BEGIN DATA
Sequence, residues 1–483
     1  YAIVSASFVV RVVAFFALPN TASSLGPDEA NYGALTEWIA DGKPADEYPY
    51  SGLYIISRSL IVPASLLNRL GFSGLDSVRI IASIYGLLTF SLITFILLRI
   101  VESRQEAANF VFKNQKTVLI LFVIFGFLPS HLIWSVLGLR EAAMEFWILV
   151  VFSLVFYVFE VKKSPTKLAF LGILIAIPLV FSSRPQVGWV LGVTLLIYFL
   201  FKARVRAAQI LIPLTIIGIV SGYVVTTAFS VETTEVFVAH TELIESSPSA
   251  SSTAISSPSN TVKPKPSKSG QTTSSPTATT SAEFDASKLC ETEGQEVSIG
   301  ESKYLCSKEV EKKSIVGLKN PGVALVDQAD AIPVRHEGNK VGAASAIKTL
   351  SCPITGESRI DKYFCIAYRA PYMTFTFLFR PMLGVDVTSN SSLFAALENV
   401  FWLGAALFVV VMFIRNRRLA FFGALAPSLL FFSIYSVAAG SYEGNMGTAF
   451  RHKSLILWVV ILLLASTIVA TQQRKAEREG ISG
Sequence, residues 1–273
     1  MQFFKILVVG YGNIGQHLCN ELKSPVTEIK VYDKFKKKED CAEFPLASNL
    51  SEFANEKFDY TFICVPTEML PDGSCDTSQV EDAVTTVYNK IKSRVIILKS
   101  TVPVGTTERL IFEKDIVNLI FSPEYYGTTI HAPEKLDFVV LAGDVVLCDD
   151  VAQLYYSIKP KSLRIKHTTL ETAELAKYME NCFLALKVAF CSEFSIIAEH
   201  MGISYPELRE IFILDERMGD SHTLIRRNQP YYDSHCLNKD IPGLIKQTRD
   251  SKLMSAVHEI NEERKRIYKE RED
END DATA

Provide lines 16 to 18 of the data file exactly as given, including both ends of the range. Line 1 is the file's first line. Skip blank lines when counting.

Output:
   151  VAQLYYSIKP KSLRIKHTTL ETAELAKYME NCFLALKVAF CSEFSIIAEH
   201  MGISYPELRE IFILDERMGD SHTLIRRNQP YYDSHCLNKD IPGLIKQTRD
   251  SKLMSAVHEI NEERKRIYKE RED